Blame it on original sin, the devil, too many Twinkies, or space radiation if you wish, but it’s pretty obvious that most of us react pretty strongly to people telling us what to do. We must find out for ourselves. In some ways, that’s not a bad thing; it’s that tendency to find out that has helped us to advance past leeches in the medical field. In other ways, such as bucking the bible, it usually turns out fairly negatively.


We sometimes get the idea that the directions in the Bible are there to “test” us, to see if we’re really faithful enough to God to warrant a trip to heaven. Instead, we need to try to look at the Bible as an “owner’s manual” for life. Example: Thou shalt not commit adultery. The point is not to take away our freedom, but rather God saying “I made you this way; if you go against this intention, your life will not go well.”

It’s like an car manual saying “change the oil every 3000 miles.” If you don’t change the oil, and the car break down, is that cause the manufacturer is coming to your house and smashing your engine to teach you a lesson? No, it because you didn’t follow the directions of the person who knows how it should run.

Today, the challenge for us is to strive to change our perception. Learn to see the Bible as an owner’s manual, rather than a test, and I think we will get closer to the heart of God.

And hopefully, there’ll be less face-punching all around.

*Please refrain from standard “Is sunday the sabbath debate?” We get it; you’re very smart.  Shut up.

March 1, 2013 – Exodus 12

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dogsOne of the difficulties of living the Christian life is that often people outside the Christian family have a partial understanding of what the Bible says, and then they judge the whole Bible (and Christ) from that fragment of knowledge.

Passerby: So I hear one of Jesus’ disciples hung himself.
PewPotato: Yep.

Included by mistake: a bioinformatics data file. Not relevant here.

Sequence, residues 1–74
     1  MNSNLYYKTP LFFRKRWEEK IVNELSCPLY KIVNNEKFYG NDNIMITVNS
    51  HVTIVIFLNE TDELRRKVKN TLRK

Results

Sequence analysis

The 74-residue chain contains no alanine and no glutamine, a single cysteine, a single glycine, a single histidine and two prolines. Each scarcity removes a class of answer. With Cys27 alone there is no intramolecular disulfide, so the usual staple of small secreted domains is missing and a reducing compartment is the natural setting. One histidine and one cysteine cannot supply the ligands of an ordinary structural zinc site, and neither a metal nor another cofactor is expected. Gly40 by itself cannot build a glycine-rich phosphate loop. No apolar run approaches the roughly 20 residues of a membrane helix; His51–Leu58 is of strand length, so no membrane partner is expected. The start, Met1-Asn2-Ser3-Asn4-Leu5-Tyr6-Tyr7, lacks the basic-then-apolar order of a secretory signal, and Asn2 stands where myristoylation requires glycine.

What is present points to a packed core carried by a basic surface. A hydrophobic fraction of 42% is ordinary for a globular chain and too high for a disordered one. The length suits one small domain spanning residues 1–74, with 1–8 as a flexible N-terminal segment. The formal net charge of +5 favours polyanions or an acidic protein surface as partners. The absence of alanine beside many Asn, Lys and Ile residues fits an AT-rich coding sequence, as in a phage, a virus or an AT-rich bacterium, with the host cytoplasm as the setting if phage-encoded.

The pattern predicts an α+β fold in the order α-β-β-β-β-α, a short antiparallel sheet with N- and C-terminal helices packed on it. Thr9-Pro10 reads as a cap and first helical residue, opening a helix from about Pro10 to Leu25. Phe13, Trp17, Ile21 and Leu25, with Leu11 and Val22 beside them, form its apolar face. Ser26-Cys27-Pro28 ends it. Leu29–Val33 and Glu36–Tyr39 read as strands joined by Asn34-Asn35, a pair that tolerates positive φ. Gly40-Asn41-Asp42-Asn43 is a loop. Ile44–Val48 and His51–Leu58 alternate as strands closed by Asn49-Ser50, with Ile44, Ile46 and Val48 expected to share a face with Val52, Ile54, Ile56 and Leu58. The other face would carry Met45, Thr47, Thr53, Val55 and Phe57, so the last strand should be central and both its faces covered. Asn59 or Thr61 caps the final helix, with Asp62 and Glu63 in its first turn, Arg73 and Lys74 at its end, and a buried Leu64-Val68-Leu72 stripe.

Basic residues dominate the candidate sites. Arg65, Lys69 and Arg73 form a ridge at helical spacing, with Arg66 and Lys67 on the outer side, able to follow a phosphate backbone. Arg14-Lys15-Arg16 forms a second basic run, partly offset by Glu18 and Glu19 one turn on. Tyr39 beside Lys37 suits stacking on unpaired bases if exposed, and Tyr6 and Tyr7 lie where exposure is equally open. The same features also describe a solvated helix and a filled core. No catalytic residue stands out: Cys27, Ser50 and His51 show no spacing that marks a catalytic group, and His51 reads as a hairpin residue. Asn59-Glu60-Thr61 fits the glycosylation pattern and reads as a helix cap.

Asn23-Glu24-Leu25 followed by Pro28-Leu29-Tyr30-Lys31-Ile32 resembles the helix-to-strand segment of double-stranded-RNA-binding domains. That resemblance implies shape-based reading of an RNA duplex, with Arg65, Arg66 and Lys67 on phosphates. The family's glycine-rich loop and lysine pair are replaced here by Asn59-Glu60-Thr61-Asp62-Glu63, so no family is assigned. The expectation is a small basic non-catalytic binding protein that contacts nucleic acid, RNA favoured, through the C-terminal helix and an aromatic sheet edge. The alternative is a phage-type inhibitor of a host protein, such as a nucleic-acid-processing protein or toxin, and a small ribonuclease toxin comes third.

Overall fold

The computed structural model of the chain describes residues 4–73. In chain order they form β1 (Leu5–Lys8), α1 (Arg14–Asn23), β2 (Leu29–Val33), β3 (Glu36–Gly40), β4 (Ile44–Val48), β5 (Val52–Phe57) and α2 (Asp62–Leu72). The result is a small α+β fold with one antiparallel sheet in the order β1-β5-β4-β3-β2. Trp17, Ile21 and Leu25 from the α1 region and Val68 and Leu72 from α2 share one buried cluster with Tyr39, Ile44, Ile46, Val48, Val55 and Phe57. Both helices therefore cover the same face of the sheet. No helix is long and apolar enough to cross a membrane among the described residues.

Passerby: So the bible teaches that all Christian should kill themselves?
PewPotato: Of course no…
Passerby: I knew it. Just a cult.  You’re crazy.  When’s your Suicide Day?
PewPotato: Umm…

One of our primary responsibilities as ambassadors of Christ is to hopefully present a more complete picture of His Word. Exodus 12 highlights one of these often misunderstood principles.

The bible is often seen as racist to many (both within and without of the Church) with a passing acquaintance with it. They point to the genocide’s of Joshua and Judges, and to the emphasis on the Jewish people over the Gentiles, particularly in the Old Testament. There are several places wherein Jews are forbidden to marry those outside the nation, and even some executions for breaking these commands. Hence, some have come to the conclusion that the Bible is against minorities and particularly against Gentiles of any stripe.


However, this is a fairly simplistic view and misses the point of these measures in the ancient world. The emphasis of these regulations is not racial purity, but rather religious holiness. Consistently throughout the Bible, if a foreigner was willing to follow God’s direction, they were welcomed into God’s family, either Judaism in the Old Testament or the church family in the New. For example, see the stories of Ruth and Rahab, both of whom were not only foreigners, but despised for their national religious apostasy. Yet both were accepted into the Jewish community,and ultimately were ancestors of Jesus, showing not only God’s acceptance but his glorification of foreigners.

Today’s passage deals with the event and celebration of Passover. This is the quintessential Jewish holiday, wherein God officially “created” the Israelite nation. There are several regulations and limitations about who can participate, both in this chapter and through the rest of the Old Testament.

Yet look at verse 49: “The same law applies both to the native-born and to the foreigner residing among you.” Yes, foreigners were restricted from observing the Passover, but if they were willing to submit to God’s requirements for the Jews (in this case, circumcision , they were welcomed into God’s family. The restrictions had nothing to do with race or ethnicity, and everything to do with spirituality.


Racism has no place in God’s Kingdom; even nationalism should be held very lightly in a Christian’s life. We are citizens of God’s Kingdom, not of any particular country. It seems that we sometimes confuse our patriotism (or political party affiliation) for religious zeal, and they are not synonymous  Throughout the Bible, God repeatedly stresses that in his kingdom (and hence the Church), there is no hierarchy of race or nationality. We need to be careful that we apply the same love and acceptance “both to the native-born and to the foreigner.”

Anything else comes from our desire to put ourselves above our fellow sinners, and that kind of pride should make all of us tremble before the True King.